And, when it comes to unskilled jobs, the strategy is to use British workers. The government has already said that there are nine million economically inactive people (mainly pensioners and disabled people) who could take these jobs. Young people, newly entering the job market, will also find fewer opportunities for skilled and well-paid work and so will be forced to take unskilled and low-paid work. Fewer British people will need qualifications, delivering a saving in the government’s education budget.
This approach will also increase inequalities between those with well-paid skilled jobs and those with lower-paid less skilled jobs.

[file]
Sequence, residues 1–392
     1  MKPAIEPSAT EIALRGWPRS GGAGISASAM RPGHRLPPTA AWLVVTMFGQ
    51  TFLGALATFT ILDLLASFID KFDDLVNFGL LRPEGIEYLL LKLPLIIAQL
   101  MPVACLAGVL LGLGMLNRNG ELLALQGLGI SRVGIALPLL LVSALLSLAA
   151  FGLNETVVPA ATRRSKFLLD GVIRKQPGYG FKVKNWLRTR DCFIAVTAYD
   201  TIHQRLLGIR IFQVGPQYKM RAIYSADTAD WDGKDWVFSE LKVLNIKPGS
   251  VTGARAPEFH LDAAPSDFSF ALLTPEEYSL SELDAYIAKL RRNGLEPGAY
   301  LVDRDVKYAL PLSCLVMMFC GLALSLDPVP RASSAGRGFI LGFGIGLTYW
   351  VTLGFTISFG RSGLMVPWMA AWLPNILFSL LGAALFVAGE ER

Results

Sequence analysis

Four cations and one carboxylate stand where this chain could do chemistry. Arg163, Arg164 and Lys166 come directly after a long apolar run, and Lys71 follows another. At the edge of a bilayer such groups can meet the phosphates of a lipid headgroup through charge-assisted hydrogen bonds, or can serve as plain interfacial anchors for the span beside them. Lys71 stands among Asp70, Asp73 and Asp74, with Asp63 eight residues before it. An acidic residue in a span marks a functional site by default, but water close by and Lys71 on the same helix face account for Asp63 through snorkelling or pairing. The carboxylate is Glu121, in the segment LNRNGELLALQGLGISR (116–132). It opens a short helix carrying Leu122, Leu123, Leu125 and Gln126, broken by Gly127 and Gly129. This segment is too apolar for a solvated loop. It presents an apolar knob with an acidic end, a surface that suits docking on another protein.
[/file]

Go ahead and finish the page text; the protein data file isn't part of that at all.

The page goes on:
And, with ‘Freedom of Movement’ gone, British people will no longer be able to seek opportunities for themselves in European Union countries. They will be trapped in Brexit Britain.
People picking fruit. British agriculture offers many low paid jobs that are often taken by migrant workers.
This week I have been doing some analysis of rents in the Herne Hill area of Lambeth. According to my research, average rents for one-bed flats are £269 / week; for two-bed flats are £415 / week and for three-bed flats are £527 / week. These are significantly higher than the Local Housing Allowance for the Inner Southeast London Broad Rental Market Area that covers Herne Hill. The Local Housing Allowance one-bed rate is £217 / week, the two-bed rate is £281 / week and the three-bed rate is £341 / week. This means that the Local Housing Allowance meets only 81% of rent in a one-bed flat, 68% in a two-bed flat and 65% in a three-bed flat; and that people who are dependent on the Local Housing Allowance are not able to afford to live in Herne Hill.